The Devil’s in the DNA: Chapter 4 – Psyche’s Enema

While showering off after writing that last post, I got to thinking about why I don’t say what I feel. Allow me to put a little caveat in there, if I had a nickel for every time someone has said to me, “Hey Dvine, why don’t you tell me how you really feel about that.” I’d be one rich bitch. It’s not as though I am incapable of formulating a strong opinion of something and expressing that opinion. On the contrary, those who know me would probably say that stating my opinions on all matters would be a strong suit of mine. I’m very good at debate. A master of deductive reasoning. I can express myself well, damnit! So what is my major malfunction?

I used the good soap in the shower hoping it would help clear my mind. Know what I saw? A friend of mine. I will call her Loo-Hoo. I had contacted her regarding my infertility issues because she had gone through it herself. She called me right after she read my message. She and I were fast friends for a long time. She even took me in and sheltered me when I had no place to go. We had sunrise coffee and chats almost every morning and I would greet her at the door when she came home from work with a dry martini with a twist. The two of us would sit in her back yard and talk of everything. As time passed, I moved away and our lives continued on. After I moved back to Texas we saw each other a time or two, but our lives are different and busy. She called me. After so long she called me. I know this might not seem like much, but you don’t know Loo-Hoo. She actually reminds me a bit of my Jungian analyst I had in San Diego. My analyst was very kind and very patient. She had this way of looking at me that let me know that she knew exactly what I was thinking, exactly what I was hiding, and that I had nothing to fear because she wasn’t going to do a thing to push me to reveal it. She would wait until I was ready and then she would listen. No judgment. Just listen. Loo-Hoo is like that. She has these piercing eyes that cut right through the crap. Just as my analyst did, I could tell that she could see something in there, lurking in the muck, but she wasn’t going to pry. She’d let me come to her. When someone looks at you like that it’s as if your psyche has been just given an enema. There is this urgent need to push it all out at once. To just spew all of your pent up indigestible bits all over them. I never do, though. Unless you give me five drinks and then I will. You won’t be able to understand me, but I’ll tell you all about it.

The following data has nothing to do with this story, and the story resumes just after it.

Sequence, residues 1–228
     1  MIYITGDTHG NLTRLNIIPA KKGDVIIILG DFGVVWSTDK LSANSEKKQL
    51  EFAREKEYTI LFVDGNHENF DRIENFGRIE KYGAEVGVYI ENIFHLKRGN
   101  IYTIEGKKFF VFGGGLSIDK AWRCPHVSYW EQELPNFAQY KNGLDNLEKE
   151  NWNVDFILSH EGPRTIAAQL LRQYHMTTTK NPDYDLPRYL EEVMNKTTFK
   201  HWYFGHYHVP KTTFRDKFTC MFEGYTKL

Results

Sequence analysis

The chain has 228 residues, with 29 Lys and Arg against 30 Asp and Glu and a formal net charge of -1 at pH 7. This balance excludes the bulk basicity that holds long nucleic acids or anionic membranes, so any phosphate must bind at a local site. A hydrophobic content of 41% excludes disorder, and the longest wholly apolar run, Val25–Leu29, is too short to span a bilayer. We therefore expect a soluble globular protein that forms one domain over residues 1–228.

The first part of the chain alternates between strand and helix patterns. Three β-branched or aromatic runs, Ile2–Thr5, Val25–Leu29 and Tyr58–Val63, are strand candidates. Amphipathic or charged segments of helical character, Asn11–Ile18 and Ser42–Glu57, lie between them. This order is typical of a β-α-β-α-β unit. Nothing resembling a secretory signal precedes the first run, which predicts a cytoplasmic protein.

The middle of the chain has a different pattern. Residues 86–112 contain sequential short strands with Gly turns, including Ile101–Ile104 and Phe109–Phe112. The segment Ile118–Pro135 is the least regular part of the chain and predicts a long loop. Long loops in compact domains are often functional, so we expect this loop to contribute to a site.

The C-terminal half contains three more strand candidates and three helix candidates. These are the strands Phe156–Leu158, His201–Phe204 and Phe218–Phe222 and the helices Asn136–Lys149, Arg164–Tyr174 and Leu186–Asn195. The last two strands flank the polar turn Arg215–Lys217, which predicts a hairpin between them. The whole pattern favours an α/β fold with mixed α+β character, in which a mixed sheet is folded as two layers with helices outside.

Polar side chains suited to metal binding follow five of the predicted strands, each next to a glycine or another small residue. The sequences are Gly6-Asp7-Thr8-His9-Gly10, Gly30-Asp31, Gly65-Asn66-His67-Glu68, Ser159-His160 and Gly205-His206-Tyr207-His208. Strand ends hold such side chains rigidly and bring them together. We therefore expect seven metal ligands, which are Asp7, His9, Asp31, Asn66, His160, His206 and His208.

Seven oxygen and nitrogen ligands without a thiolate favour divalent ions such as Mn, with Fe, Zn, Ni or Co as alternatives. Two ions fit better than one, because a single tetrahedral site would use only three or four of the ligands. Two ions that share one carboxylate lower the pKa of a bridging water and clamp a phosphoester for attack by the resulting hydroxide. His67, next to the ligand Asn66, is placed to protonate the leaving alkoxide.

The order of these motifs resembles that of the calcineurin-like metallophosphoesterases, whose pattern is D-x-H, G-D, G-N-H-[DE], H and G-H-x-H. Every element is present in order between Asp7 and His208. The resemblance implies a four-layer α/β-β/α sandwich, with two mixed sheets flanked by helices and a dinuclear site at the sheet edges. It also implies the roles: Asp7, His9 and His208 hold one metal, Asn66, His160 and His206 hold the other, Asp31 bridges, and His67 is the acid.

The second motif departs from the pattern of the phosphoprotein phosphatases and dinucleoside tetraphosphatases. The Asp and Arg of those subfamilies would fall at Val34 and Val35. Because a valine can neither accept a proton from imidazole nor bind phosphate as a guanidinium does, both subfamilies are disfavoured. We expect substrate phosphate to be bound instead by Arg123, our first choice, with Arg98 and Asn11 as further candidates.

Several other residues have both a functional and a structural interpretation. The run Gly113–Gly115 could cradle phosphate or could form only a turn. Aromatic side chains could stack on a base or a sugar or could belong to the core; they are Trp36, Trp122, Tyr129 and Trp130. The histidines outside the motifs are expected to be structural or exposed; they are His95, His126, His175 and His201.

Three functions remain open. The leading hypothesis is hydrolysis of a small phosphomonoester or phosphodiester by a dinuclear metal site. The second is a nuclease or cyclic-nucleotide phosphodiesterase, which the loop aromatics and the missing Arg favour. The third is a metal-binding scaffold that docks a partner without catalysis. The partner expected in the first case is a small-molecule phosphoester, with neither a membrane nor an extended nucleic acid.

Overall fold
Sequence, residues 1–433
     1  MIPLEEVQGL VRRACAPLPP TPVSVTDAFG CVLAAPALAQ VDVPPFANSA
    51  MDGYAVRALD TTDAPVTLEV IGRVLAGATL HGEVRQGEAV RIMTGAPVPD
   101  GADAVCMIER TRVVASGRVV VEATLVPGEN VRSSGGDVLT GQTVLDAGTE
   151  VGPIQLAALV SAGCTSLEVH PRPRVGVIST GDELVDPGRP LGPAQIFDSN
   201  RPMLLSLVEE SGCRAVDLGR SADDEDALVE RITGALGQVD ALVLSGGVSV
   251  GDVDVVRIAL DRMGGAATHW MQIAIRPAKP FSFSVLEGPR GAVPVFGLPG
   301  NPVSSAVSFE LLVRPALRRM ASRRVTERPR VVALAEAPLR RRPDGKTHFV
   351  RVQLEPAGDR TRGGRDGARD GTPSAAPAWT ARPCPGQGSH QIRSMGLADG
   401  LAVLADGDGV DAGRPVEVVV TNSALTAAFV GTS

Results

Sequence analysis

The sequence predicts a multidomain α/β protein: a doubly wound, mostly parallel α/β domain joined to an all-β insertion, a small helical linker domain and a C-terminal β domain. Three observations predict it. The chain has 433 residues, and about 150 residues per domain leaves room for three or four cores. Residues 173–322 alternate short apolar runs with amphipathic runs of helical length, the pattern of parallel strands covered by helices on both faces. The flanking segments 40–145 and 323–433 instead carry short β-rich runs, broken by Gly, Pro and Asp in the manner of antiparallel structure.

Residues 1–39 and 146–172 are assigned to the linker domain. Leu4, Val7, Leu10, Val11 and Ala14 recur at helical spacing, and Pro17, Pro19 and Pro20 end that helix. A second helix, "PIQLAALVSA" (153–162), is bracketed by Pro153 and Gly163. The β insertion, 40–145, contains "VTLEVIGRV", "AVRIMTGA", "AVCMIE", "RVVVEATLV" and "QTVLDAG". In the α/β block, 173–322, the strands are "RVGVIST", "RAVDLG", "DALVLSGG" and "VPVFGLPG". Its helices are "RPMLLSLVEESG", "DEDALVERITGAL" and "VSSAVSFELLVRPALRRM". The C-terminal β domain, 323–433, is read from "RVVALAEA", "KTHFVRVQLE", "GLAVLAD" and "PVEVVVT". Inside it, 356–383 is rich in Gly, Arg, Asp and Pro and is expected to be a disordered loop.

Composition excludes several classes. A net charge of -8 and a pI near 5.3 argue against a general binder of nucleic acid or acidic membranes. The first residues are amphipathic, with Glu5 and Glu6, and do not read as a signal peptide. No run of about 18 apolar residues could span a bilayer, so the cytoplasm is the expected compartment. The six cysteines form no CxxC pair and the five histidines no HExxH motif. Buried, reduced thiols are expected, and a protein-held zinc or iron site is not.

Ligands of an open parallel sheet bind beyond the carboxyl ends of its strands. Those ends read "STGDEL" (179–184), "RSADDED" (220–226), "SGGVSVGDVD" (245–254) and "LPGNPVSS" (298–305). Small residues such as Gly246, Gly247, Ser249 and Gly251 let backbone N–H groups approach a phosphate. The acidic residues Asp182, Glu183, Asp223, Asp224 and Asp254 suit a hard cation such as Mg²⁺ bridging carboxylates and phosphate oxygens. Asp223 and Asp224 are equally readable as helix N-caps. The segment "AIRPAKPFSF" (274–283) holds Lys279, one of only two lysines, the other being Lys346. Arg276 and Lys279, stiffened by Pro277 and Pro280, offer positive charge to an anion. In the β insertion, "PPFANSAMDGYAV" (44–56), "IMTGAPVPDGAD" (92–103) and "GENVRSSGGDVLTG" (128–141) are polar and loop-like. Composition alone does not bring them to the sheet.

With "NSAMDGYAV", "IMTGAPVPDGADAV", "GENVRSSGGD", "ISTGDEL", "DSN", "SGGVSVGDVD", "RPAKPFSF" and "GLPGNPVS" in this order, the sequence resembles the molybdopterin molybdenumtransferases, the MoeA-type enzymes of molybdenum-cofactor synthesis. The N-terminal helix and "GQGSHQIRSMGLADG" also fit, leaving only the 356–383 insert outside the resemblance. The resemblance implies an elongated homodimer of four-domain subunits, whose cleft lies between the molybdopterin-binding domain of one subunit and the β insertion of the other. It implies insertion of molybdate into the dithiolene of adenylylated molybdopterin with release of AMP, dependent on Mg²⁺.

Suds and steam washing away the smell of panic I felt from the last post and holding Loo-Hoo’s face in my mind I wondered what she was doing there and what she had to do with me thinking about my defenses. Then it struck me. When she called me she immediately connected with me again and was instantly supportive and caring. She asked if my husband and I could come to her house for dinner and commiseration on Saturday. I said of course! I was so excited and happy to have someone to talk to who had been through this crap and had come out the other side. I went back to mindlessly working on my blog. That’s when the Code 12 hit. The urge to push it out. Splat! Onto the page it went. A big, dripping skid mark of my wretched deceit and defensiveness right there on the screen. What. THE hell. Just happened? Confused and filled with panic I hit the showers to scrub off the bits of enema blast that reeked suspiciously like fear of judgment. But Loo-Hoo would never judge me. No. No she wouldn’t. But she knew. OH FUCK SHE KNEW!! She had already been through all of this! I can’t hide it! Oh shit, oh shit, oh shit, oh shit! I’m going to dinner at her house where she keeps those eyes and has that horrible way of being all loving and kind and wise and shit and oh fuck, oh fuck, oh fuck! It’s already out there. Well, hell. I’m actually going to have to be real. There’s no way around it. If I try to hide it behind some clever parlor trick of mine she’ll just look at me with those eyes all patience and understanding and I’ll be reduced to a quivering mass of psyche innards. What if I just play it straight? What if I just say what I feel and mean it? Would that be so horrible?

Which leads me back to my original question of – If I can clearly and logically state my opinion on anything and everything why do I rarely say what I am truly feeling? My parents. Think about it. My parents are uncensored. My mother disclose everything about her without you even asking and will throw in comments about your disappointing features while she’s at it. My father will give you the evil eye, call you an inbred idiot douche-bag and then he’ll slap you on the back, tell you a joke and invite you to join him for a drink. Living with them, learning from them, I adapted a different boundary system. I will tell you what I think you should hear or what I think you want to hear, but I’m not going to tell you much more than that. I censor EVERYTHING that comes out of me. Ahem. For the most part. Barring those hundreds of times I didn’t shut up before I said something stupid. But those situations were different. I was never talking about me.

I’m going to have to talk about me. Me.


This blog was written by the oh so talented Miss Emily.

If you like Emily’s work, you can read more of her writing at


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